The world may look to Sweden for the Pirate Bay trial these days, but rights holders would like us to remember that there are other countries harboring pirates as well. The International Intellectual Property Alliance submitted its annual report on copyright issues to the US Trade Representative today, singling out 13 countries as the worst offenders and recommending that the new Obama administration keeps a close eye on another 25 countries.

One of the countries singled out for lax online enforcement is Canada, which has "gained a regrettable but well-deserved reputation as a safe haven for Internet pirates," as the report reads. It goes on:

"A number of the world’s most notorious and prolific BitTorrent sites for online piracy are hosted or have operators based in Canada. (...) Multiple, and often connected, Internet sites in Canada are used as a massive international distribution vehicle for pirated audio-visual material."

Canada is of course the home of, which has been sued by the MPAA. The site also started a preemptive lawsuit against the Canadian Recording Industry Association (CRIA) last September. CRIA previously had been successful in shutting down a number of torrent sites, while others were forced to leave the country. The IIPA suggest that Canada should amend its copyright in order to make lawsuits against Bittorrent sites more successful and force ISPs to disconnect subscribers that commit infringement.

Anoher country that has been on the IIPA's naughty list for years is China. However, the organization used to just complain about pirated DVDs. Not anymore so: "Internet and mobile device piracy worsened significantly in 2008", the report reads. It points to well-known search engines likeBaidu and Yahoo China as the main source for MP3 piracy, but also mentions P2P services like Xunlei, PPLive, Verycd and BTpig. The report concludes, complete with dramatic exclamation mark:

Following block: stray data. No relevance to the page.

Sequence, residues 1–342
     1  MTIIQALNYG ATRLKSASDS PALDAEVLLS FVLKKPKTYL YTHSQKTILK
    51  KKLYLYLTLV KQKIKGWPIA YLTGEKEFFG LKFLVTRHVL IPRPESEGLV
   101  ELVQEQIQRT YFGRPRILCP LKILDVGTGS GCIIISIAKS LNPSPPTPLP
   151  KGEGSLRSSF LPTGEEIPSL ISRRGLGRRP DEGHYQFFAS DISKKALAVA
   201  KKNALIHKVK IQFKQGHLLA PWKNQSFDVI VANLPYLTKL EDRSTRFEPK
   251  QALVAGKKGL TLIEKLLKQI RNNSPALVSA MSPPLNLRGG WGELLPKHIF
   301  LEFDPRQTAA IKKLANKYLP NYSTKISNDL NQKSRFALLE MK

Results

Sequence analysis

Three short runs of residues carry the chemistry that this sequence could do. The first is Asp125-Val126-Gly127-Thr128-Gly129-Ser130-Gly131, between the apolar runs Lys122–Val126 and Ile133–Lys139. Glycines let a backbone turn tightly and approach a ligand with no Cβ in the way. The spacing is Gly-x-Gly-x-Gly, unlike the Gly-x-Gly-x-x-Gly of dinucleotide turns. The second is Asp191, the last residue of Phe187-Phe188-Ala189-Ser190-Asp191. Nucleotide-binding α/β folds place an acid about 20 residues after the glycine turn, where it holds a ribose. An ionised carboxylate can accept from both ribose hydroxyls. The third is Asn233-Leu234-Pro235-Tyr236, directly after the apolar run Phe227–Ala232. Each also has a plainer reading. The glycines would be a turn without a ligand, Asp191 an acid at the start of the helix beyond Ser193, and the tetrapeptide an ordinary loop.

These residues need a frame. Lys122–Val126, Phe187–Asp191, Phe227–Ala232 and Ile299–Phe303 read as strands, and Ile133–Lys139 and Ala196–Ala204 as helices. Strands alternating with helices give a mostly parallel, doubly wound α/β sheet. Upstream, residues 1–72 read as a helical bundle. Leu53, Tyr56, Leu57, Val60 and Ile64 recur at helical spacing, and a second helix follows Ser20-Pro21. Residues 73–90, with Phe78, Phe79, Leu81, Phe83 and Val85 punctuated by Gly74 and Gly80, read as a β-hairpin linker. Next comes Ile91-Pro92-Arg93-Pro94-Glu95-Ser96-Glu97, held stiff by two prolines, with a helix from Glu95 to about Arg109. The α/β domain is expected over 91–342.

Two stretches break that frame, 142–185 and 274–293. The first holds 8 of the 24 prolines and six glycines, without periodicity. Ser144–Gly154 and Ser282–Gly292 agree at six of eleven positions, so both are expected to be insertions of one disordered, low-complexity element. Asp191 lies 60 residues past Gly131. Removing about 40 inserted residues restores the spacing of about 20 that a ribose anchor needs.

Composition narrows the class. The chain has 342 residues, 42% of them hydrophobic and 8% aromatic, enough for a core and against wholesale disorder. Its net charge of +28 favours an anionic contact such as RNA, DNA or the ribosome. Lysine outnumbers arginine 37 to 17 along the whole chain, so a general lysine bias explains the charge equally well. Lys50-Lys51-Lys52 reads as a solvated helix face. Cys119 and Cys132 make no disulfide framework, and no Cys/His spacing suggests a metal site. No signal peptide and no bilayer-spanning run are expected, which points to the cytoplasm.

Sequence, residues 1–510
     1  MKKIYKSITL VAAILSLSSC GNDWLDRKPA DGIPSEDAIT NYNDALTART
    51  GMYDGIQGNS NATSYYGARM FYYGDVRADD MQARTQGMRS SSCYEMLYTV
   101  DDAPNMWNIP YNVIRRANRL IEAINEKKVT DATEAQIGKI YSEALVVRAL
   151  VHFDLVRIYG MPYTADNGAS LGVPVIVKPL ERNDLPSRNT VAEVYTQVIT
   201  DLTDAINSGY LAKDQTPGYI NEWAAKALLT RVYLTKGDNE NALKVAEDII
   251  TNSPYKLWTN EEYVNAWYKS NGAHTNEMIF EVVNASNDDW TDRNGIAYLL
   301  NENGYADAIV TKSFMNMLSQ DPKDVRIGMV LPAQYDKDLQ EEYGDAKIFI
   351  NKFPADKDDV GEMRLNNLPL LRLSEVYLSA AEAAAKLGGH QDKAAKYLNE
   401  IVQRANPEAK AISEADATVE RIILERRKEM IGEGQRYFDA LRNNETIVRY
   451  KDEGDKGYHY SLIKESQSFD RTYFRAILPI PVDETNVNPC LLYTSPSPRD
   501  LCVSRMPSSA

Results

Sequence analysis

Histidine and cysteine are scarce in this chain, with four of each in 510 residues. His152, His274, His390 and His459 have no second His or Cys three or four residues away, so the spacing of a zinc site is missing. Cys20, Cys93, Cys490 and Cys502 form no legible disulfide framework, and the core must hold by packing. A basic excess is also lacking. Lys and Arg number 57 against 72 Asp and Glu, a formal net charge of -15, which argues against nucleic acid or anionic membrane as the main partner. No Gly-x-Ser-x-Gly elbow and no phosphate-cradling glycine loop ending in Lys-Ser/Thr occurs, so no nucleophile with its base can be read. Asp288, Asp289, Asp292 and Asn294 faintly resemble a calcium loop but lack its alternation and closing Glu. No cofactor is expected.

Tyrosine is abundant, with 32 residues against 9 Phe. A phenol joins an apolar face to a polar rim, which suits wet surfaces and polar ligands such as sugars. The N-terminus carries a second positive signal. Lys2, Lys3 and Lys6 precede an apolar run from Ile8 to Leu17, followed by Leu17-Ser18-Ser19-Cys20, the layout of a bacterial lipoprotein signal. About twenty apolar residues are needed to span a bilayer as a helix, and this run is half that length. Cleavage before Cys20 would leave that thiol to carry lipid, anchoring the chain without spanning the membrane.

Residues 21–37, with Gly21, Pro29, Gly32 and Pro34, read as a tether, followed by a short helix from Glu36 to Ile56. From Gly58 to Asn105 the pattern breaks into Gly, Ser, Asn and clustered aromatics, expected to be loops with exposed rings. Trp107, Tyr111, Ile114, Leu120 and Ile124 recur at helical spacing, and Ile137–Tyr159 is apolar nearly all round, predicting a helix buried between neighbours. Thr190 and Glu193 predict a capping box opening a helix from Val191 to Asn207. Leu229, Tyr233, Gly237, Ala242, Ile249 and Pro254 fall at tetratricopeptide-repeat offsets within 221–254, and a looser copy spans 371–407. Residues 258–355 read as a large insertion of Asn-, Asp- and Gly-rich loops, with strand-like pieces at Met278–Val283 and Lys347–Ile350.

"(P)iracy (...) is the main driver of Internet growth in China!"

So what about Sweden, the home of the Pirate Bay and the center of the world's media attention during the site's ongoing trial? Well, Sweden is actually not that bad. Or at least not as bad as Canada and China, because the northern European country didn't quite make the cut for the report's worst-offender priority watch list. Still, the IIPA is concerned: "Sweden has become a notorious Internet piracy safe haven." It estimates that 22% of the world's "Top Sites" warez servers are hosted in Sweden.

And then there's the Pirate Bay, "impacting legitimate markets around the world." IIPA is obviously happy that the site's administrators are finally on trial, but apparently a little put off by their attitude: "The owners do not profess to be worried at all; the site continues to operate today." The organization also seems to be irritated by the fact that the Bay's supporters actually see this as a political issue. From the report:

"Pirates have even established a political party, The Pirate Party (“Piratpartiet”), which had about 0.63 percent of the votes in the September 2006 elections (fortunately less than was expected)."

So what's the remedy against such unruly behavior, according to IIPA? Basically the same as in Canada, or anywhere else in the world for that matter: Tougher copyright laws, lawsuits against file sharers, and ISP disconnects for repeat infringers. However, the authors seem to sense that this might not go over so well in Sweden:

"Such actions will be unpopular among some segments of the citizenry but this is the only way to restore the rule of law that has been so undermined to date in Sweden."

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